A Gamble Worth Taking
Bill Fletcher Jr.’s wish list for the reinvention of organized labor [“Labor: More Perfect Unions,” June 15/22] is, as usual with him, insightful and incisive.
But his prescription for the crisis in health care costs is just plain wrong. To say that “unions should, of course, defend the health plans that they have” is saying that union leadership should continue to oppose the most sensible and cost-effective way to deal with that crisis: single-payer (otherwise known as Medicare for All).
Yes, there would be additional payroll taxes required. But they would be far lower than the “taxes” taken by employers from wages to support employer-provided coverage or the costs to workers of foregone improvements in other benefits that employers use the increased health coverage costs to justify.
Employer-linked health care is always tenuous, as we are seeing tragically during the current pandemic, when masses of union workers are being laid off and are losing their medical coverage just when they need it the most.
For large unions with contracts that include comprehensive health care insurance for their workers, it may seem like a big gamble to support proposals that would effectively switch from employer to public funding. But it’s a bigger gamble for them to continue to obstruct the revolution that single-payer would mean for all working people.
Protect Old Joe?
Re “On Tara Reade’s Allegations” [Katha Pollitt, June 15/22]: I am very disappointed by what seems to be an all-out effort in The Nation to discredit and humiliate Tara Reade and bolster Joe Biden’s reputation. I have no illusions about the absolute necessity of beating Donald Trump and Mike Pence in the fall. I will overcome my nausea and put aside my principles and vote for Biden, shaming myself for the greater good. Because no one denies Biden’s long history of “handsiness” (what a convenient euphemism!), which has made numerous women uncomfortable for decades. It is repetitious to point out what the situation would be if Biden were a Republican.
Reade may behave in ways that are suspicious and incomprehensible today, but that doesn’t mean she couldn’t well have been sexually harassed by Biden back then in a way that was genuinely disruptive to her emotionally. It is discouraging to see The Nation go after Reade in this way in the frantic drive to protect Old Joe, to whitewash his past and his overall record to ensure his election.
There were other, much more principled ways of doing this without giving more fodder to the misogynistic pack of male media mavens reveling in this opportunity to undermine Me Too and the legitimacy of women’s experiences of sexual harassment and abuse.
Katha Pollitt writes that Reade is a strong supporter of Bernie Sanders, and it may be relevant that her story came out in the pro-Sanders media just as Biden was emerging as the presumptive Democratic nominee.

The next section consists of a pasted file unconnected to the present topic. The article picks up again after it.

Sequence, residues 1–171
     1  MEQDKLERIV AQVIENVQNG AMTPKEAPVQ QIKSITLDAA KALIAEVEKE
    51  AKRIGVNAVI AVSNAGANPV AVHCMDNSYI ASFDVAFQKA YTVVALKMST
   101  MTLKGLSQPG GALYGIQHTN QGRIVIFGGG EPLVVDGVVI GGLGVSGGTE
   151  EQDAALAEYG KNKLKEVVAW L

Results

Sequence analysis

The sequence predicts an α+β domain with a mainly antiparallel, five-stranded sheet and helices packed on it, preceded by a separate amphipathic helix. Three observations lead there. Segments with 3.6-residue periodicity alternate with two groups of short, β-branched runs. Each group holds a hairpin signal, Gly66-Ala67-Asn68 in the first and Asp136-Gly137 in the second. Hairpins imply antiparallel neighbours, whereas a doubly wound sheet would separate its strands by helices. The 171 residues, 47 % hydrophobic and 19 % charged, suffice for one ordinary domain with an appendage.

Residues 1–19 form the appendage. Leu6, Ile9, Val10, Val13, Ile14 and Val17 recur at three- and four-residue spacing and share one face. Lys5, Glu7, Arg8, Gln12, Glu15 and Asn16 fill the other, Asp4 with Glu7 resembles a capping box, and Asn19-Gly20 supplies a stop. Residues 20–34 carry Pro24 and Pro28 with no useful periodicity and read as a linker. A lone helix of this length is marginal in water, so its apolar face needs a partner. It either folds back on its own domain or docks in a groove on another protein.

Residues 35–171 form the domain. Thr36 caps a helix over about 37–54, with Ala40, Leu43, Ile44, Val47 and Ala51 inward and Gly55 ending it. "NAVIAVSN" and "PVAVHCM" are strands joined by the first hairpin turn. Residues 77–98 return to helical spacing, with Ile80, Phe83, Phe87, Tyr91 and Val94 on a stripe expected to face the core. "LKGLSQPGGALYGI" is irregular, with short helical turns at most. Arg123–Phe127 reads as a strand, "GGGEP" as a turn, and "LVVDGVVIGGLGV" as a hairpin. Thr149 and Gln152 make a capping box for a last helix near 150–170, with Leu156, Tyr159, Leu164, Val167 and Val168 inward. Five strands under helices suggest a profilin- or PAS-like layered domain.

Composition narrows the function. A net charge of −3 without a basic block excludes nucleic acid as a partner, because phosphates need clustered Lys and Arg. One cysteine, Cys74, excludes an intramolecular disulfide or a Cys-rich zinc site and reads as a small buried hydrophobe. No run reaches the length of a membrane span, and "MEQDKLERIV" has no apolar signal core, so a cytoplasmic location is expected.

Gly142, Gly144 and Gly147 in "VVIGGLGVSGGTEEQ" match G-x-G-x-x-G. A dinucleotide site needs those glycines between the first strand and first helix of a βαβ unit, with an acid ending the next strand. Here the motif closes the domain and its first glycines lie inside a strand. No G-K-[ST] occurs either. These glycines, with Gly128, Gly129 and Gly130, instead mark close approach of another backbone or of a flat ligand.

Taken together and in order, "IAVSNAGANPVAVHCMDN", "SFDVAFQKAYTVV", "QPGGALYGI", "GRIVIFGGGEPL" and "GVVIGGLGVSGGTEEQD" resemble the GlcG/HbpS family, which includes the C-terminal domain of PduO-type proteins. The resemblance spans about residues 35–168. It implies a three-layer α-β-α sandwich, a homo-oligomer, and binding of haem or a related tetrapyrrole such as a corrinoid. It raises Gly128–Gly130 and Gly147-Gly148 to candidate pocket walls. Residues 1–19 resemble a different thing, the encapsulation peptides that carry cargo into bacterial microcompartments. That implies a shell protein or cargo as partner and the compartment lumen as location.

It is an insult to Amy Goodwin to dismiss Democracy Now! as “pro-Sanders media,” when her journalistic standards are impeccable and she is for most progressive causes, some of which overlap with the Sanders campaign’s, some of which don’t. The Nation, too, endorsed Sanders, so is it fair to label this publication “pro-Sanders media” and dismiss the very column Pollitt writes? Of course not. Even in the time of Trump, some of us see things in more subtle shades than media belonging exclusively to one camp.
Pollitt throws in that it is “possibly relevant” that Reade lied or timed her allegations to help Sanders, when in fact the charges came out too late to make a difference and, not surprisingly, didn’t help Sanders in the slightest.
I expect better from both Pollitt and The Nation.
A Terrible Precedent
Joan Walsh [“The Murder That Threatened to Divide the Two Harlems,” June 1/8] touched on but did not examine how children are treated by the criminal justice system. She mentions that the two accused boys have been charged with murder as adults but makes no comment about it. The context is crucial. There is no mention that two troubled 14-year-olds from well-known difficult circumstances (including one who was cared for by an uncle because he lost his parents) were indicted by a publicity-conscious, so-called reform DA who would rather cater to the monetary concerns and hysteria of Columbia University and some white residents than to act on what he knows well: that the Supreme Court has acknowledged that children who do terrible things are still children. How does the commission of a crime—albeit a terrible one that left a young woman dead—turn two troubled children into adults?
The impact of that legal choice is devastating: They will be tried in an adult criminal court rather than in family court, and if convicted, they can be given life sentences, whereas youths convicted even of crimes involving violence face shorter sentences, with the understanding that the brains of children are malleable and, given better circumstances, they can mature and change. Beyond the consequences to these youngsters, it is a terrible precedent that sets back the national struggle for justice for youths.
The failure of the community to speak out for justice and for treating children—even those who might have done something so terrible—as children and its failure to take into account the toll of their experiences will leave a deep wound within the neighborhood, our city, and the cause of children’s justice.
staten island, n.y.